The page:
Czechs protest against ex-communist police official


Prague (AFP)

Thousands of Czechs rallied in protest Monday against a decision to name to a top post a former Communist riot police officer who helped suppress anti-regime demonstrations in the 1980s.

Some 7,000 protesters gathered in Prague and rallies were also called in other cities against Zdenek Ondracek, a 48-year-old Communist lawmaker.

Parliament on Friday approved his appointment to chair the committee supervising the General Inspection of Security Forces, which investigates crimes committed by police officers.

Waving banners and Czech and EU flags, the Prague protesters signed a petition calling for a new vote on the appointment.

"The appointment of Ondracek is an example to be avoided of the current tendency in which extremist opinions are accepted as a new kind of social norm", said one of the protest's organisers, Vojtech Otevrel.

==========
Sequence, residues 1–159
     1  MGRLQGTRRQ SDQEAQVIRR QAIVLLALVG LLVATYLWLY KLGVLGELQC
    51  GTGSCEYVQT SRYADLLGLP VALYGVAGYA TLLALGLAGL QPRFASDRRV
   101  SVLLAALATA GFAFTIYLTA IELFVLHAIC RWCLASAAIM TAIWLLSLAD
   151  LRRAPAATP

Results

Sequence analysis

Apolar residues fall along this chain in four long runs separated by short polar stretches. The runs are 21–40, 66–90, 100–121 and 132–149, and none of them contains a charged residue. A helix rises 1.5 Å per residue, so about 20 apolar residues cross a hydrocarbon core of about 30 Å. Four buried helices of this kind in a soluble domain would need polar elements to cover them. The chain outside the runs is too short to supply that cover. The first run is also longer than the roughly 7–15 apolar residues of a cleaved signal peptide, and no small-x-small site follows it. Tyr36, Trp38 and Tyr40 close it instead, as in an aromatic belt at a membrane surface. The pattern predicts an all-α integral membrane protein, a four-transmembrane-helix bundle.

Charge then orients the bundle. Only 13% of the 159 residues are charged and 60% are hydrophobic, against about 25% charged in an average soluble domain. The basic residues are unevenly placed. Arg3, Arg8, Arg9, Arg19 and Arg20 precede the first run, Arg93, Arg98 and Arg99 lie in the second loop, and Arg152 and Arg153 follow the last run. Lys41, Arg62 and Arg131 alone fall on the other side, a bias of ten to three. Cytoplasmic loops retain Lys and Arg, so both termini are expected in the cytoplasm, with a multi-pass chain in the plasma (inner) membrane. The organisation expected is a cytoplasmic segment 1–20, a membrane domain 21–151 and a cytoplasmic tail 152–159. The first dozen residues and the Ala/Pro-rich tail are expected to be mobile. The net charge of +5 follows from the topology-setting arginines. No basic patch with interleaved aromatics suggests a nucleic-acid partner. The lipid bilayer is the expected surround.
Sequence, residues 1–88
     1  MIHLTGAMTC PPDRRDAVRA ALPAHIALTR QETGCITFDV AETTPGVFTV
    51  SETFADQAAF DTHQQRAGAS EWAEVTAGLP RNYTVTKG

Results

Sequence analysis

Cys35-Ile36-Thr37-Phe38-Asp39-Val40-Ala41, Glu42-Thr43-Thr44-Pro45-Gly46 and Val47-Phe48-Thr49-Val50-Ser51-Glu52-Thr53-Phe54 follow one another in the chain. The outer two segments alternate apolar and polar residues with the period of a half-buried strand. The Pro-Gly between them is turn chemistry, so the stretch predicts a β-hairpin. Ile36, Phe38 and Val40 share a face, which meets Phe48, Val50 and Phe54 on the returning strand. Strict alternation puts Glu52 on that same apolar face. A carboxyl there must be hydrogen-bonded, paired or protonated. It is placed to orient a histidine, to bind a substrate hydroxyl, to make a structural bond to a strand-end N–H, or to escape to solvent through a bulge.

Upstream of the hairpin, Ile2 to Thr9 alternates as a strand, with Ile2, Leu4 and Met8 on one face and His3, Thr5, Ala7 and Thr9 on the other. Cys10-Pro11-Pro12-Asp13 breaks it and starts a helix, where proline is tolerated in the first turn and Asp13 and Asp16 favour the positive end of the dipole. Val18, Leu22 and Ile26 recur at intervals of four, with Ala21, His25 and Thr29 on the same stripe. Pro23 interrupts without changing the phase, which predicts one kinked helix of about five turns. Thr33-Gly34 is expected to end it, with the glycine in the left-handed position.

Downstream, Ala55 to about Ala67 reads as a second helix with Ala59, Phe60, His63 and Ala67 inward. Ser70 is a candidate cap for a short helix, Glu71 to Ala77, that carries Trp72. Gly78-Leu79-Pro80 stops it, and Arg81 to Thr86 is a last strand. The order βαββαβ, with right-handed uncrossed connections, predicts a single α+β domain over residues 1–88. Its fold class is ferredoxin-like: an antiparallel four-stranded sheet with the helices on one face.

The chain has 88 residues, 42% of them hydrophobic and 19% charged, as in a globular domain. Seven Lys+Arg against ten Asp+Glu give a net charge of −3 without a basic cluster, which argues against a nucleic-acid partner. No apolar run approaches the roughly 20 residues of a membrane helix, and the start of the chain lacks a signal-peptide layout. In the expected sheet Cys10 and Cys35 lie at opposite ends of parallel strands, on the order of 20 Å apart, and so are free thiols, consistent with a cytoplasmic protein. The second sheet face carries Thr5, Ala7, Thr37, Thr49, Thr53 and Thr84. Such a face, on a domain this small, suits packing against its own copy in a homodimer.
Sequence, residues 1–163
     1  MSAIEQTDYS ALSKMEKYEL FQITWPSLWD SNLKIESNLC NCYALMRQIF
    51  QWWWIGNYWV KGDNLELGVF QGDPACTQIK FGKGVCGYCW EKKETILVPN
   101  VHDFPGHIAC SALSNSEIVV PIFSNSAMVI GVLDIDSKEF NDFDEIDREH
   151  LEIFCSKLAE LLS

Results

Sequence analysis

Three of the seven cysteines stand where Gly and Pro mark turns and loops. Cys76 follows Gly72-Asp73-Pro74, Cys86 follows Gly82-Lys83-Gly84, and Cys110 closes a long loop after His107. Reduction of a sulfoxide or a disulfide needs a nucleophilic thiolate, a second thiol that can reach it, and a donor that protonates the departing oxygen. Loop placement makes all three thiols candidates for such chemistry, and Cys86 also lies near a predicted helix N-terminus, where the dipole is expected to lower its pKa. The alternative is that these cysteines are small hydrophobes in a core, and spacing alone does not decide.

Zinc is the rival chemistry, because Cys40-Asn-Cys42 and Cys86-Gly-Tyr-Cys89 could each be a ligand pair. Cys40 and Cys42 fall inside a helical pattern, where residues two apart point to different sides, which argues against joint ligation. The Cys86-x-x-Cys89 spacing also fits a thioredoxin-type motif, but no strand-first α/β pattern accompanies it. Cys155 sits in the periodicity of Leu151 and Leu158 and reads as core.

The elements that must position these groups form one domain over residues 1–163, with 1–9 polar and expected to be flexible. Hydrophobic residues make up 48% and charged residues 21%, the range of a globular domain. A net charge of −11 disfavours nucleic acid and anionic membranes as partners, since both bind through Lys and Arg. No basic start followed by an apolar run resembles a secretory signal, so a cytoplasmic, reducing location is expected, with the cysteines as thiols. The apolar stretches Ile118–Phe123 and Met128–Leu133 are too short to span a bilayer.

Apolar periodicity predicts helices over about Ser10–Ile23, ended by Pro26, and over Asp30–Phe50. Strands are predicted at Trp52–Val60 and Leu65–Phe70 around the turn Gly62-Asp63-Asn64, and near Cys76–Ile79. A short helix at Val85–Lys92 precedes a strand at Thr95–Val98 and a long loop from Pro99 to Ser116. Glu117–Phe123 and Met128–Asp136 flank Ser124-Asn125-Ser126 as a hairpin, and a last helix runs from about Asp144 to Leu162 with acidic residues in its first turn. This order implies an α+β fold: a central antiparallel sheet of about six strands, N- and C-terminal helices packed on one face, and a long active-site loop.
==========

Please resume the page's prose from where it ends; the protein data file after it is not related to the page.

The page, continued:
Critics blame Ondracek for his role in breaking up anti-Communist rallies in central Prague in 1989, including the November 17 student march that was brutally suppressed by the police with hundreds of protesters injured.

Ondracek insisted: "We served the country, the citizens of this republic."

The rally led to the Velvet Revolution which toppled Communism in late 1989.

Four years later Czechoslovakia split into the Czech Republic and Slovakia.